Outlook: Likely Democratic

Abercrombie’s departure to run for governor has opened up an opportunity for many local politicians who have been waiting their turn to run for Congress in the Aloha State. And although the district has traditionally elected Democrats, national Republicans are cautiously optimistic about their chances for an upset.

Former Rep. Ed Case (D) announced he would run in late March. Case left Hawaii’s other House seat in 2006 to challenge Sen. Daniel Akaka (D) in the primary but has never hid the fact that he hoped to return to elected office someday. The former Congressman had only raised an unimpressive $169,000 for his campaign through the end of September, even though he has been in the race for six months.

State Senate President Colleen Hanabusa (D) announced her candidacy in mid-September, and she has plenty of time to catch up on the fundraising front before next year’s primary. EMILY’s List was quick to back Hanabusa, and the group’s support will no doubt boost her fundraising.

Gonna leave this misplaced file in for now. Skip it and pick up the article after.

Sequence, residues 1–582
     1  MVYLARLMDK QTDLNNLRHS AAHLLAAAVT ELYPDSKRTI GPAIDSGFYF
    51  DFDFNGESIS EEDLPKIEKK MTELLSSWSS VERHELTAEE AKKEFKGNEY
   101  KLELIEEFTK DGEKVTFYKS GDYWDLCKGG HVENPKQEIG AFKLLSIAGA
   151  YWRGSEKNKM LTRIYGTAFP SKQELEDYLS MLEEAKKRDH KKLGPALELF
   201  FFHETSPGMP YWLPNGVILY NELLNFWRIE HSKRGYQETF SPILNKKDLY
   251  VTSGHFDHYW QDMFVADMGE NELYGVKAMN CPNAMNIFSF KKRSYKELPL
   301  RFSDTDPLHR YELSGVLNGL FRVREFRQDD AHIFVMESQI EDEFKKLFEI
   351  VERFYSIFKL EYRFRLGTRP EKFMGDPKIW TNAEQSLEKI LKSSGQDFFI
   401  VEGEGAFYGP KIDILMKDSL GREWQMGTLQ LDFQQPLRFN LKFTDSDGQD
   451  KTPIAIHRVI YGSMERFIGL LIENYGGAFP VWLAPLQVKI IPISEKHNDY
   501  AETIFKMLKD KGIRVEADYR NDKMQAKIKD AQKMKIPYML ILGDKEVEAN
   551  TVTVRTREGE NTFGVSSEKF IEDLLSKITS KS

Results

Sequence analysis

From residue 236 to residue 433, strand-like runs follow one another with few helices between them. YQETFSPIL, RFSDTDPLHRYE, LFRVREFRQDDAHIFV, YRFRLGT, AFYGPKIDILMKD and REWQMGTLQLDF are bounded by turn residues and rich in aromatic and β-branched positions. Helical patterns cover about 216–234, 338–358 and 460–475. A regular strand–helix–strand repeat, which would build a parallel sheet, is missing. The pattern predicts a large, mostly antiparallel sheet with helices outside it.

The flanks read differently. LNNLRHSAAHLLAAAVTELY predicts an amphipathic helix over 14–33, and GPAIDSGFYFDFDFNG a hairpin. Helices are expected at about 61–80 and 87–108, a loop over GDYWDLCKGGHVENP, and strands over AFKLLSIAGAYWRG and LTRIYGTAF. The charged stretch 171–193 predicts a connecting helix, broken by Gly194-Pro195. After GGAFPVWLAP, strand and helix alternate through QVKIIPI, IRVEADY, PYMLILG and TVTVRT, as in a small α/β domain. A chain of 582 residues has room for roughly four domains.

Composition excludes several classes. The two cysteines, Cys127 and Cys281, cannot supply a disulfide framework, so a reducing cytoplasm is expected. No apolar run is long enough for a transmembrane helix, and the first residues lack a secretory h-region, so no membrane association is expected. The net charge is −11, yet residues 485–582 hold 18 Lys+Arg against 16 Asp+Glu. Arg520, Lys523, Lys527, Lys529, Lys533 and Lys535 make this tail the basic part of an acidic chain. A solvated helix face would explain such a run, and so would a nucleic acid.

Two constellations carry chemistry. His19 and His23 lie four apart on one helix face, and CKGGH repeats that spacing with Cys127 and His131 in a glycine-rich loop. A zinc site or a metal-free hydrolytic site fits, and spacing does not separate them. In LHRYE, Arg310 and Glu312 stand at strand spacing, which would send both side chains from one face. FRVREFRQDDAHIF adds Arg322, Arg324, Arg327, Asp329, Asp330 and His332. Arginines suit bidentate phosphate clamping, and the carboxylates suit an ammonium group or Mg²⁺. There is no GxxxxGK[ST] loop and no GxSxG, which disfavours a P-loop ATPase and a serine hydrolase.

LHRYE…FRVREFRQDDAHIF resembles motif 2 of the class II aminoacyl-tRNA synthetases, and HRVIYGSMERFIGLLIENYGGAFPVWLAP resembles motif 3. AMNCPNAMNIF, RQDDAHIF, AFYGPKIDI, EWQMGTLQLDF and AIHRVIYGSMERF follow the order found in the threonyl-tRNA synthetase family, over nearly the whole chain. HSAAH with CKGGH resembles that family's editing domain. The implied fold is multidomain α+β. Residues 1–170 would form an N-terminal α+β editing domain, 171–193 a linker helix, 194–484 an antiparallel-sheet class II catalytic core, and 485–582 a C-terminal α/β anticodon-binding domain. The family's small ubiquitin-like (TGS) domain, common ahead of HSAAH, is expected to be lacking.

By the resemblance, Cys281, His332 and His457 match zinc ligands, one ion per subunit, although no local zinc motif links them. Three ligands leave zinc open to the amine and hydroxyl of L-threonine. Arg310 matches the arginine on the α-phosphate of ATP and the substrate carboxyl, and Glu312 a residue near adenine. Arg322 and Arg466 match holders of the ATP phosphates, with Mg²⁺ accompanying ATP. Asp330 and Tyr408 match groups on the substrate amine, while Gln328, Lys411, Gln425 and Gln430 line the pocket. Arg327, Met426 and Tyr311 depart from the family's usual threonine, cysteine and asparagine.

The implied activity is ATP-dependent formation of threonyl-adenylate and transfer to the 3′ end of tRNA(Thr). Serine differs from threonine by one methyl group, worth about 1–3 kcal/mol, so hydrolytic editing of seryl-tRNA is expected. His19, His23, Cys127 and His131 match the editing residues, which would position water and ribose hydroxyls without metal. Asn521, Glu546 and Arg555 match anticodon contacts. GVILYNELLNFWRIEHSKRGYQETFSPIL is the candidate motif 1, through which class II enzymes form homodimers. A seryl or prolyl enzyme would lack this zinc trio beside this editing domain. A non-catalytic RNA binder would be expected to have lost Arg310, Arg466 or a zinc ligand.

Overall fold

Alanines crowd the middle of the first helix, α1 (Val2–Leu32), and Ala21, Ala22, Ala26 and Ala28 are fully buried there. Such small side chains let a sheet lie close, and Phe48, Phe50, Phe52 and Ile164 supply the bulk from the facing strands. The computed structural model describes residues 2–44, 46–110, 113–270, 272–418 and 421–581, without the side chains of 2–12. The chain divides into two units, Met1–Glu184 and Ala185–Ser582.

But a late primary could also hurt Democrats’ chances of keeping the seat. If Hanabusa and Case get into a bruising battle, it could open the door for Honolulu City Councilman Charles Djou (R) in November.

National and local Republicans have touted Djou as one of their best candidates for Congress in a decade. He started fundraising for the race in 2008 and boasted $268,000 in cash on hand at the end of September. Although the district is heavily Democratic, there might be a path to victory for Djou in the Aloha State.


Filing deadline: March 12 | Primary: June 8


Incumbent: Harry Reid (D)
4th Term (61 percent)
Outlook: Leans Democratic